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Just Another Tech Blog

Anything and everything having to do with technology, computers, science, and most of all... Linux! The documentation of my Linux endeavor.

RPM: Plans, goals, etc.

Saturday, December 16, 2006

Everybody knows it, RPM needs a serious overhaul... so why isn't anything being done? Well, turns out, Fedora has stepped up to the plate:
There has been a lot of discussion in the past few months about RPM -- its present state, its future plans, and its leadership team. In particular, the Fedora Project has received numerous requests asking us, "what are you guys doing about RPM?"
Here is our answer, in a few words. Then if you want more, you can read the rest of this note:
The Fedora Project is leading the creation of a new community around RPM. One in which the leaders can come from Fedora, from Red Hat, from Novell, from Mandriva, or from anywhere. Job #1 is to take the current RPM codebase and clean it up, and in doing so work with all the other people and groups who rely on RPM to build a first-rate upstream project.
What is being done?
What we're doing here is collecting together everyone who has a stake in the future of RPM and building a healthy community around it. This involves major bug fixing, development work, performance work and making regular, predictable releases. As it stands today, we don't have these things. This is a good first step. Could you call it a fork? Maybe. But we're doing it because we think it's the right thing to do, for distributions all the way down to the individual users of RPM.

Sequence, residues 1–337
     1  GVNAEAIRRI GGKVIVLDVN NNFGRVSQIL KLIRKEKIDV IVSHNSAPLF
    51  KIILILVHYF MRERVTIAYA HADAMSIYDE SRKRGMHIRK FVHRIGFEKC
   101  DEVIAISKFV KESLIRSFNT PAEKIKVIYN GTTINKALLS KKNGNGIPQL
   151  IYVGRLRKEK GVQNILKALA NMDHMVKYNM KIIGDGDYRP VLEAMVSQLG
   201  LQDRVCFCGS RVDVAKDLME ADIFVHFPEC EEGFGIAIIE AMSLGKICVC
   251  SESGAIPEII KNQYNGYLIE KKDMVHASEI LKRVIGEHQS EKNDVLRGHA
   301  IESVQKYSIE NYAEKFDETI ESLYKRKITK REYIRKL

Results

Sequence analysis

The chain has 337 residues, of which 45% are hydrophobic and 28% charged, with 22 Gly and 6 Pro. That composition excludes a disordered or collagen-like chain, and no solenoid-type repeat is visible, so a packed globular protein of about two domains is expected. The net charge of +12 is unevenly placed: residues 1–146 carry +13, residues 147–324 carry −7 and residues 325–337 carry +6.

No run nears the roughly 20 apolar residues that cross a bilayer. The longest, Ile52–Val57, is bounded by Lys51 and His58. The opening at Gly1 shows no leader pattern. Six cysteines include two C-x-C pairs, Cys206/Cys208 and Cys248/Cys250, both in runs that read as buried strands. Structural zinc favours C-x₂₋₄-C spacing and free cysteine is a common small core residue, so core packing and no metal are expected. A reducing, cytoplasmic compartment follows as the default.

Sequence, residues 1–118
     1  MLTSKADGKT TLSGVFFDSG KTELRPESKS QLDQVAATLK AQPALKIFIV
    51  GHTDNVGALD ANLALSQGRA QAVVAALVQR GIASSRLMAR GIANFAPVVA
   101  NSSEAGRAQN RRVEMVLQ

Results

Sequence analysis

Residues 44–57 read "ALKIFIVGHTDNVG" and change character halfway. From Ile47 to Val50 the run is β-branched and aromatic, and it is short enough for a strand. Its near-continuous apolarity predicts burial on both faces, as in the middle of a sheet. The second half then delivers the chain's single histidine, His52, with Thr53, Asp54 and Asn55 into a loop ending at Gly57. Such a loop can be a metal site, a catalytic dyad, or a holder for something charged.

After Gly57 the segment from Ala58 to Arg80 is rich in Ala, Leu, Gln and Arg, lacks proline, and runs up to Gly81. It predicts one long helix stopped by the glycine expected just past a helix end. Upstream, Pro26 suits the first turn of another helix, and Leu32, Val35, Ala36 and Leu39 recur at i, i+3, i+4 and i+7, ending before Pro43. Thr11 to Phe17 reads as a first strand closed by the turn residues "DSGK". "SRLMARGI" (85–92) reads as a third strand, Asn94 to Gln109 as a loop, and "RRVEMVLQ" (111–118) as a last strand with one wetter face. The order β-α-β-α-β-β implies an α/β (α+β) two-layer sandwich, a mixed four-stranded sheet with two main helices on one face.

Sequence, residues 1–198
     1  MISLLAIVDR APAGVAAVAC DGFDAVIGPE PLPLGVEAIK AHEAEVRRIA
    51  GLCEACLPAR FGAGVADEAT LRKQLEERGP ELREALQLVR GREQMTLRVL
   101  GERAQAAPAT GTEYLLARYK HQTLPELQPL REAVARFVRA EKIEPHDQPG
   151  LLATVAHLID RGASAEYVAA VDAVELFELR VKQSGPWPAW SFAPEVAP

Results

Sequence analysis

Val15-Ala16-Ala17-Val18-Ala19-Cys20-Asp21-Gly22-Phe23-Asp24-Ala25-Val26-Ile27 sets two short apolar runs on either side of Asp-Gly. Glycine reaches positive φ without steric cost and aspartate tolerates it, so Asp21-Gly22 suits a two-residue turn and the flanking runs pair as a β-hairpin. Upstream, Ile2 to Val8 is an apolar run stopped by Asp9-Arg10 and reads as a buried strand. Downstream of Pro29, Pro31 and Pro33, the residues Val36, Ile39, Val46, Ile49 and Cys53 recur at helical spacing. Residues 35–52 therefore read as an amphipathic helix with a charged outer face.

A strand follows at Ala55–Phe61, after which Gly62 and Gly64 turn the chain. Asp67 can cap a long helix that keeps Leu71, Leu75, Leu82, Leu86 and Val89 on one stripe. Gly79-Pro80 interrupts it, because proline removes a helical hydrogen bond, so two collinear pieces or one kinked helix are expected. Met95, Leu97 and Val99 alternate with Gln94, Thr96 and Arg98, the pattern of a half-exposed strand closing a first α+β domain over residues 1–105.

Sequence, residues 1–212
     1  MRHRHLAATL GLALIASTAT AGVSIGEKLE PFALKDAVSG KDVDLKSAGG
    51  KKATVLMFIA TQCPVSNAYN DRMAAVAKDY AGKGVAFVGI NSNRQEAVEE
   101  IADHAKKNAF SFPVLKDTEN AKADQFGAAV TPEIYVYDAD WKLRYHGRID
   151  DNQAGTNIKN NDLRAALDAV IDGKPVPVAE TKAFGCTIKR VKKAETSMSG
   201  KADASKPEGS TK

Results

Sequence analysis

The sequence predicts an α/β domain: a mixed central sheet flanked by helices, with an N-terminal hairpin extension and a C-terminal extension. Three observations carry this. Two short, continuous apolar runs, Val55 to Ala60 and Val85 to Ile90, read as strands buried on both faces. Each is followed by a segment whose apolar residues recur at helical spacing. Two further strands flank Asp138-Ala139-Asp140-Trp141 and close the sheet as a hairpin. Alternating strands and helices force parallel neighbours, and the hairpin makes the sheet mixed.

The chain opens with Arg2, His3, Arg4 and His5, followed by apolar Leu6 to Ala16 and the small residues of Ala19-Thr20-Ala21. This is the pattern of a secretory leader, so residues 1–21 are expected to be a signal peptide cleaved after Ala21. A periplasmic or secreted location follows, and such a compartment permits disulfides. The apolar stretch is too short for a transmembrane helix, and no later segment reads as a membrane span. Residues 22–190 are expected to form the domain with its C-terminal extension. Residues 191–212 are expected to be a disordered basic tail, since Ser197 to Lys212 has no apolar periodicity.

Here are some initial goals of the project:
  • Give RPM a full technical review, based off of RPM 4.4.2. This is the common base for Novell and Red Hat. Look what vendors have on top of 4.4.2 and work towards a shared base. Figure out which pieces or code paths are unnecessary, poorly implemented, or receive little to no use, and either clean them up or clear them out. Make RPM simpler.
  • There's a lot of folks out there who are using RPM, including the various Red Hat/Fedora based distros, Suse, and Mandriva, just to name a few. Simplificaion and focus on the parts of RPM that are core to these stakeholders is a good way to start.
  • Do a better job with bug fixes. Squashing bugs that already exist, or closing out bugs that are related to parts of RPM that are superfluous.
  • Give RPM the stability that it needs to continue to be the cornerstone of many distributions.
  • Enhance the rpm-python bindings, which includes understanding and gathering together the work that already exists in this area.
I have forever had mixed feelings about the RPM style of package management. In theory, it is a great package manager and on the surface it looks wonderfully simple, but from the first time I experienced "dependency hell" I had my doubts about the whole system. Now, with work that Fedora is doing, it looks like a marvelous rebirth of RPM could be in store. For now though, I'll stick with Ubuntu (more on that later) and the apt package manager.

Read more @ fedora-announce-list redhat.com and at All About Linux. Digg this story.
posted by linnerd40, Saturday, December 16, 2006


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